Meet The Missus
Series: Glenn Tryon Distribution: Pathé  Director: Roy Clements, Fred L. Guiol Cinematography: ?
Production: G-3 Type: Silent short Producer: Hal Roach Editor: ?
Released: 07 December 1924 Length: 2-reels


A young suburban husband (Glenn Tryon) is out in the yard washing his shirt with the 'help' of his dog, whilst his wife (Blanche Mehaffey) scrubs the floor on the porch. When her cat walks up to her she grabs it and ties cloth on its paws to prevent it from leaving messy paw prints all over her washed floor, as the husband admires his wonderful work at hanging up the washing on the clothesline before tripping over the post and pulling the whole lot down. He walks over to the porch with his muddy shoes on, which doesn't go down well with the wife, who chews his ass off for wiping out all of her hard work. The big boss, Mr. Blunt, pulls up outside the house in his car his efficiency boss Mr. Stark and observes what he construes to be a peaceful scene with the couple on their porch. Inspired by the husband's evident show of a perfect marriage, the boss says he will give the husband a raise in his salary. So on Monday morning at the office, the husband, having received the bonus, thanks Mr. Blunt and invites him and Mr. Stark to his home for a quiet dinner with his wife that evening.
The husband arrives home, and with the recent incident still fresh in his mind from yesterday, removes his shoes before entering the house. Concerned about their appearance and clothing, and wanting to make a good impression on their guests, the husband decides to rip down a curtain and dress his wife in it. The two gentlemen arrive and are shown to the dinner table. The husband goes into the kitchen and grabs a liquor bottle to make a cocktail, unaware that the maid earlier substituted it for a bottle of kerosene.
With Mr. Blunt giving a toast to "the continued peace and quiet of this perfect household", the mother-in-law bursts into the room and begins shouting about people who borrow things from her and then don't return them. This is followed by the dog chasing the cat into the dining room, with the cat running up Mr. Blunt's back and into his jacket. Mr. Blunt seems to overlook and forgive the bizarre situation and resumes his seat. The foursome all take a mouthful of their drink, and all realise at the same time that what they just poured into their mouths was not a cocktail. An awkward silence and an incredible degree of face pulling in cringeworthy fashion breaks out among them. Nobody dares to swallow, which makes it hard to speak when the husband's father walks into the room and asks to be introduced to the guests. After introducing Mr. Blunt, the father pats him on the back, causing him to swallow the contents in his mouth. When nobody is looking the husband spits out his mouthful onto an open fire, which erupts onto Mr. Stark's trousers. Add to this the fact Mr. Blunt makes a dash for the door and the wife's 'dress' falling off, it pretty much ends the dinner arrangements.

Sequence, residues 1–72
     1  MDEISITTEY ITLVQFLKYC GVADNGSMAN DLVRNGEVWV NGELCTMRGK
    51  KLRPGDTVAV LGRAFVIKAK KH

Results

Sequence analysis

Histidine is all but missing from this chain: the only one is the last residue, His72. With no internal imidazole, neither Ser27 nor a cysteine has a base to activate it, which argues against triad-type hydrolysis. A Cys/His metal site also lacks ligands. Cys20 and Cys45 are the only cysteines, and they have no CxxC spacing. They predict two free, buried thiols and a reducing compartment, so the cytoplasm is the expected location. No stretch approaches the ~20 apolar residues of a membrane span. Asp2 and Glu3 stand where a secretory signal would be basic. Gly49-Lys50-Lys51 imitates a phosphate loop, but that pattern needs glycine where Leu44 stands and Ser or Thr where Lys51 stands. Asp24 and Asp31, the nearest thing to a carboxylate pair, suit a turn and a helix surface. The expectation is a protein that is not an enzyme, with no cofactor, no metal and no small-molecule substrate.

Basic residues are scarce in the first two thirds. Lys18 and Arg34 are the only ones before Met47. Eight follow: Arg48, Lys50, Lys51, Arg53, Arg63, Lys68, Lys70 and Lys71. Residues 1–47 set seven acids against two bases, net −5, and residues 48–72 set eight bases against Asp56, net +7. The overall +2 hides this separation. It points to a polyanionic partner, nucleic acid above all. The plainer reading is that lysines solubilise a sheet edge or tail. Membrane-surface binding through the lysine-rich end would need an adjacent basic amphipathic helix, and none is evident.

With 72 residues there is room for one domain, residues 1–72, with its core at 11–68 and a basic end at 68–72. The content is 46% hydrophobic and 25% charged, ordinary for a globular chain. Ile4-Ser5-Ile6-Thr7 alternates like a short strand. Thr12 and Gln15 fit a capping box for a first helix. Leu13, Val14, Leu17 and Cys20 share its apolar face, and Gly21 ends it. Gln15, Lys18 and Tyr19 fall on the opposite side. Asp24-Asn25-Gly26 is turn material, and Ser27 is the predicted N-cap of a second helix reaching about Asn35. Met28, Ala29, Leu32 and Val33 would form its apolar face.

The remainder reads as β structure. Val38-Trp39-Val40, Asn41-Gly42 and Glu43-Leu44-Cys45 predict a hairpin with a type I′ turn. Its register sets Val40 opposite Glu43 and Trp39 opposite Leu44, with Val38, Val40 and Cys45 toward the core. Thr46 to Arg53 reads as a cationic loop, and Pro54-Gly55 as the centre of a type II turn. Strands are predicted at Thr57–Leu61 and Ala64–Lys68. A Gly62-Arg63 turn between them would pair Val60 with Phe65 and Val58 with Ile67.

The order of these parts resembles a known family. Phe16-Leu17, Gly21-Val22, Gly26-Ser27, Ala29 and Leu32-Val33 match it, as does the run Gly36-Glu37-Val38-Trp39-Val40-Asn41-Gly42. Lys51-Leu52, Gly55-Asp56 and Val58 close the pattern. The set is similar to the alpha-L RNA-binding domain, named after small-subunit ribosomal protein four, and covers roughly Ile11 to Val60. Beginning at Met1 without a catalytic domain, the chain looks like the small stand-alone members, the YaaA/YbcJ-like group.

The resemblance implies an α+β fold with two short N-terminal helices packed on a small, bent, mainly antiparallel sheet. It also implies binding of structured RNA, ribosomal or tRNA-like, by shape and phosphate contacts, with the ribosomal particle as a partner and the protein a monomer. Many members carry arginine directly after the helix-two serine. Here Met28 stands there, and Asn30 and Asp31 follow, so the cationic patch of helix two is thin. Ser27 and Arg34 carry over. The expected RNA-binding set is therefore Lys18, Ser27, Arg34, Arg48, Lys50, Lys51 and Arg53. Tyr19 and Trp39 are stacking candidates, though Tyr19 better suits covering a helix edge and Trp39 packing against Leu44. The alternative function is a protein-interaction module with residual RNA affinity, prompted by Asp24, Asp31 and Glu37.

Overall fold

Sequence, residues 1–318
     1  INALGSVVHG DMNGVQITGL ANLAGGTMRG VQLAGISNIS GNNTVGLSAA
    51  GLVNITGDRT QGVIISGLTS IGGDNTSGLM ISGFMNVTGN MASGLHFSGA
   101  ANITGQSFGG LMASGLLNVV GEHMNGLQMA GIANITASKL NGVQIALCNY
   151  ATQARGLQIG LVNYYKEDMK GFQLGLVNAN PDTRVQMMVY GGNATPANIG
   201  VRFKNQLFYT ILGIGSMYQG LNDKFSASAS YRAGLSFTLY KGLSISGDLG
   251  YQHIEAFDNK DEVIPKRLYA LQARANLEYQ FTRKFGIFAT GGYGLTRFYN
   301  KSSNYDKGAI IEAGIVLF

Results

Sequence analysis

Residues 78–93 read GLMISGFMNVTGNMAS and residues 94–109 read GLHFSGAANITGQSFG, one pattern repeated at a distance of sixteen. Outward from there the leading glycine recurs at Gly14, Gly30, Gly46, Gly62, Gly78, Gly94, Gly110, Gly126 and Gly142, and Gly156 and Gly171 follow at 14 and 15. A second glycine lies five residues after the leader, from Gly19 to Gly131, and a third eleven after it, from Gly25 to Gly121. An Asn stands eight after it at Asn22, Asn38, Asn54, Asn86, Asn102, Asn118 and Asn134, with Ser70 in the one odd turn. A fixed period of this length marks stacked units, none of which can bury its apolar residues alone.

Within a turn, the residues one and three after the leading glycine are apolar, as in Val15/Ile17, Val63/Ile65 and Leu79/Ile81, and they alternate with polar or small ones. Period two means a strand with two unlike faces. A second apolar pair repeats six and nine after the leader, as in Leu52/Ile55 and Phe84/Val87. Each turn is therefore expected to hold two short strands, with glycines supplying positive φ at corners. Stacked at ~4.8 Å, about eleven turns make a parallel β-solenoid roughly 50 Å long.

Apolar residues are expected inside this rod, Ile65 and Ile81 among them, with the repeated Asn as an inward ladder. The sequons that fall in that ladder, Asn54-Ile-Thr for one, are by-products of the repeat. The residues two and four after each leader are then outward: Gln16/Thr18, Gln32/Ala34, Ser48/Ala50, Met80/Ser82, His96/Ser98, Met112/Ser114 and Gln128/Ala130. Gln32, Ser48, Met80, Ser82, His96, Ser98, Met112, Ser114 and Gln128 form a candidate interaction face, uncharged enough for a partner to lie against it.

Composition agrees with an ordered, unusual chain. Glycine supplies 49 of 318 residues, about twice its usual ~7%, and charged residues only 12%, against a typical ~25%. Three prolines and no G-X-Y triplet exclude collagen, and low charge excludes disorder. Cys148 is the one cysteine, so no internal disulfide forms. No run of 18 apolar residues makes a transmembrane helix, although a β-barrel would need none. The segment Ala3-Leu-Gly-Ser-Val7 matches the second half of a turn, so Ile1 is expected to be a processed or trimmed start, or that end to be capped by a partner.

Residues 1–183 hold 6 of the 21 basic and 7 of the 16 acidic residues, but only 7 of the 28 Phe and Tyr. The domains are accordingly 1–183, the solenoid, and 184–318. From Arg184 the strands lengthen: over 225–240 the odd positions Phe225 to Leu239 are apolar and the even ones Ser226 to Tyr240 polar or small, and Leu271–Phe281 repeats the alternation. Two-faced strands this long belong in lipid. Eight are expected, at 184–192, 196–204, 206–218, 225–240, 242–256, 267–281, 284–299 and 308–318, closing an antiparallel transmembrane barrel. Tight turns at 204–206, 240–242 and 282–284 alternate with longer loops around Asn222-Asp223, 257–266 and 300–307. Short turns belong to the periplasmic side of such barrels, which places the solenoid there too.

Whilst Mr. Stark falls about on the floor, the father-in-law decides he has to have a drink too. He then dives out of the window. Mr. Stark writhes around on the floor and is given water. Except, it isn't water. Out on the lawn Mr. Blunt is drinking from a garden hose but when he tries to run away the dog chases him and pulls his pants off as the man jumps over the fence and into the mother-in-law's bedroom window. She screams for help and the others come to the rescue. The husband and wife take turns in assaulting Mr. Blunt who has crawled under the bed. When the husband discovers who the victim is, he quickly hands his lump of wood to Mr. Stark, who gets the blame for the assault. The two men leave and a drunk with a car pulls up. Both men get in but as the car pulls away one of them falls out. The end.

Favourite bit
The moment when all four of them take their first (and only) taste of the 'cocktail'. The subsequent face pulling is a bit over-acted but is the highlight of an otherwise uninspiring film.

Production G-3 - Glenn Tryon series.
Copyrighted December 3, 1924.
Filming dates
September 9-23, 1924.
William Gillespie's name is mis-spelled in the credits as "Gillespir". There is also a "Joseph Morrison" credited in the cast as well. Also, the credits gives a copyright year of "MCMXXVI" (1926) - the film was actually copyrighted in December 1924.
The film begins on a Sunday afternoon.
At least one source lists Noah Young as being in the film. He isn't.
The book which Helen Gilmore is reading in bed is "Three Weeks" by Elinor Glynn. This was an erotic romance novel first published in 1907.

What the experts say
"A pretty standard comedy, with little plot, which centres around a dinner at home with two executives which goes disastrously wrong." ~ Lord Heath.

Glenn Tryon
The young husband
Blanche Mehaffey
The wife
Al Hallet
Mr. Blunt, the big boss
William Gillespie
Mr. Stark, the Efficiency Manager
Ed Porter
Helen Gilmore
George Rowe



Tommie Hicks (help)
Jorge Finkileman (cleaning)
Jesse Brisson (identification of Ed Porter)

This page was last updated on: 31 October 2017